Update (May 21, 2015): Almost a year ago to the day, I predicted that Graffiti Entertainment v. Navarre was going to be a long hard slog (see below) and it may very well be. It is clearly on-going but how much longer can this warfare go on? Desertion seems to be a problem in Plaintiff’s army. In one of the stranger sanctions memos I have seen in some time, Defendant Navarre notes that Plaintiff cannot seem to hire a lawyer to prosecute its lawsuit. Plaintiff appears to have identified a convicted felon in Illinois as its lawyer except that the convicted felon is not a member of the Minnesota bar, is not admitted to the United States District Court, and he denies that he intends to appear in the lawsuit. “Defendants now respectfully move this Court to stop this nonsense.”
Original post (May 23, 2014): Too often, particularly early in litigation, lawyers paint their clients a rosy picture of shock and awe swift resolution. I have found in my nearly twenty years of practice of civil litigation in Minnesota that I have been quite good at predicting how most cases resolve (dismissal, summary judgment, settlement, trial) and, roughly, for how much money (with an exception here or there, obviously). But I have been far less successful in predicting lawsuits’ durations.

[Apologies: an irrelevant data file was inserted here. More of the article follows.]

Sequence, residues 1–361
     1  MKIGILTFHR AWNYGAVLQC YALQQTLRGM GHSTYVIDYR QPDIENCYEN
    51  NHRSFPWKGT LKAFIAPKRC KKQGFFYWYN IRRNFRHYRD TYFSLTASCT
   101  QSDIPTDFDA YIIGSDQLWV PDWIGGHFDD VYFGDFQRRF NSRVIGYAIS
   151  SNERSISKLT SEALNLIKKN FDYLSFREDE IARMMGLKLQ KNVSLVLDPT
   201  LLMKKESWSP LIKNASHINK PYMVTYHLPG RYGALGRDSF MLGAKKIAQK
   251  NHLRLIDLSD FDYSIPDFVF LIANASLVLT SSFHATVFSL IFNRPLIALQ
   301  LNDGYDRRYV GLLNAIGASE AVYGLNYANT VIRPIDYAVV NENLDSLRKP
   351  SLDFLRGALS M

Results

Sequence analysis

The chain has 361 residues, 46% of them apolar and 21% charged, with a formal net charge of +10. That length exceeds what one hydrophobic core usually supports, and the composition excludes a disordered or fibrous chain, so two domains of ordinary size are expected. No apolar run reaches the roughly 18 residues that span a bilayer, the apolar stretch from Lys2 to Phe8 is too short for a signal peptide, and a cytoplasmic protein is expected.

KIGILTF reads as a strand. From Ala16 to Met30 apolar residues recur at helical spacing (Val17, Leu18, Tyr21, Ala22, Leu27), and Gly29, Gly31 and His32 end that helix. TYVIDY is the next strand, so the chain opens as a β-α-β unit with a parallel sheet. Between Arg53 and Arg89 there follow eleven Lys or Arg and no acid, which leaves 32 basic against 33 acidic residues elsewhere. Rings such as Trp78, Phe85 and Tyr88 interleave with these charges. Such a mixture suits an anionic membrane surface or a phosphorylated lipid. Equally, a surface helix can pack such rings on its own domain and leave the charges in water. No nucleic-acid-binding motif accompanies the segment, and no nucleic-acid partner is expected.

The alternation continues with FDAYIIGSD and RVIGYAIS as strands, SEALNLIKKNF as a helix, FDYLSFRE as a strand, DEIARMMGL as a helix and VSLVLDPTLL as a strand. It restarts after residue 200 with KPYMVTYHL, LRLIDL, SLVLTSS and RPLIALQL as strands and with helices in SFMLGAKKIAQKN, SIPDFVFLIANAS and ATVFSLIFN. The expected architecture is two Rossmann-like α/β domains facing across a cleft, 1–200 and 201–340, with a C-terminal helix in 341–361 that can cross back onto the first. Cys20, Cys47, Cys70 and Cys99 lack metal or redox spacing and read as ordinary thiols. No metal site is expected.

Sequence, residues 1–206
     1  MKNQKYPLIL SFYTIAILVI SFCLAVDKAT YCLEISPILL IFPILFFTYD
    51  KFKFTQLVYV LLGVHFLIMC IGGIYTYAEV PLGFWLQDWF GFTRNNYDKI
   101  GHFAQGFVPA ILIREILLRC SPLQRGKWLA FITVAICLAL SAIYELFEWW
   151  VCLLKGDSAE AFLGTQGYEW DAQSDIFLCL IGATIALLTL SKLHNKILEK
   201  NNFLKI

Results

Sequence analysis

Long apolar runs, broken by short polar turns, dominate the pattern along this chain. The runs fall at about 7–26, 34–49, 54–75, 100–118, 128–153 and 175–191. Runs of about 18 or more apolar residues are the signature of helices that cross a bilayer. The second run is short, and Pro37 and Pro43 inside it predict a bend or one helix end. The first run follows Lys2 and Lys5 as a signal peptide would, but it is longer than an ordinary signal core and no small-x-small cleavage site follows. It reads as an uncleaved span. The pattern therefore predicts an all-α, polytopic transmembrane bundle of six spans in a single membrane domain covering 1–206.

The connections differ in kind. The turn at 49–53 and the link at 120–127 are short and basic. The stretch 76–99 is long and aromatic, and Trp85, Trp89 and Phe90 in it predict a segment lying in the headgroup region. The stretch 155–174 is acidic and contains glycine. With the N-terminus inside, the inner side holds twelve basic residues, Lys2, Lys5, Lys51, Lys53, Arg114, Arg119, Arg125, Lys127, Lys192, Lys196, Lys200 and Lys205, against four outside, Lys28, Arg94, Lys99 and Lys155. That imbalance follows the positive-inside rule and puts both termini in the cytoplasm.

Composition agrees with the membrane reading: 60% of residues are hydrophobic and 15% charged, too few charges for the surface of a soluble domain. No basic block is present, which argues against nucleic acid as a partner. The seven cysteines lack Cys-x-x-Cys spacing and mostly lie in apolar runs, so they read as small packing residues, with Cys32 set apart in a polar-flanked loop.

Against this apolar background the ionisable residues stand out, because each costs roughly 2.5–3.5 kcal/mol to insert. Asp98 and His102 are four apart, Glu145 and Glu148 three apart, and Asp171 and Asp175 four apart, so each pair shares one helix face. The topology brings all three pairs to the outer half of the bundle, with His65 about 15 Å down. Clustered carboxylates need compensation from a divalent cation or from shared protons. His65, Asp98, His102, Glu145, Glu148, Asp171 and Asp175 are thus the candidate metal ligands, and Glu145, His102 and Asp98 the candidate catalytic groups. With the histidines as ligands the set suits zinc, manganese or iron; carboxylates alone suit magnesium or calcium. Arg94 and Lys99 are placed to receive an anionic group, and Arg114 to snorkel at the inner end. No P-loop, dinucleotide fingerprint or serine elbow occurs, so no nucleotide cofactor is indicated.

Generally, most cases that I have followed have gone on far longer than necessary. Some cases, however, give every indication from the get-go that they will be grueling and protracted battles. I get that sense from the fairly recently filed lawsuit of Graffiti Entertainment, Inc. v. Navarre Distributions Services, Inc. and Speed Commerce, Inc.